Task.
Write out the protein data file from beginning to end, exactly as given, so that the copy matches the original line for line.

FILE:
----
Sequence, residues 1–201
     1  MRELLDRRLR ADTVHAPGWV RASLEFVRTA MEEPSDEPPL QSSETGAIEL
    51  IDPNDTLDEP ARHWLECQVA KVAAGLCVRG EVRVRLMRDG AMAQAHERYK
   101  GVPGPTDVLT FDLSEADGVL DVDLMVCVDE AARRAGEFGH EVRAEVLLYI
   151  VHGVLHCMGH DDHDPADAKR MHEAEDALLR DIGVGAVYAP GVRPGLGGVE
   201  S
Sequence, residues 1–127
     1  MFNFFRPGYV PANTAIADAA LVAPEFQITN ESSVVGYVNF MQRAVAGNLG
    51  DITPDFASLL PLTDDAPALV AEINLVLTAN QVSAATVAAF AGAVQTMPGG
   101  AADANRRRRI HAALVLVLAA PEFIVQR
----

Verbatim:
Sequence, residues 1–201
     1  MRELLDRRLR ADTVHAPGWV RASLEFVRTA MEEPSDEPPL QSSETGAIEL
    51  IDPNDTLDEP ARHWLECQVA KVAAGLCVRG EVRVRLMRDG AMAQAHERYK
   101  GVPGPTDVLT FDLSEADGVL DVDLMVCVDE AARRAGEFGH EVRAEVLLYI
   151  VHGVLHCMGH DDHDPADAKR MHEAEDALLR DIGVGAVYAP GVRPGLGGVE
   201  S
Sequence, residues 1–127
     1  MFNFFRPGYV PANTAIADAA LVAPEFQITN ESSVVGYVNF MQRAVAGNLG
    51  DITPDFASLL PLTDDAPALV AEINLVLTAN QVSAATVAAF AGAVQTMPGG
   101  AADANRRRRI HAALVLVLAA PEFIVQR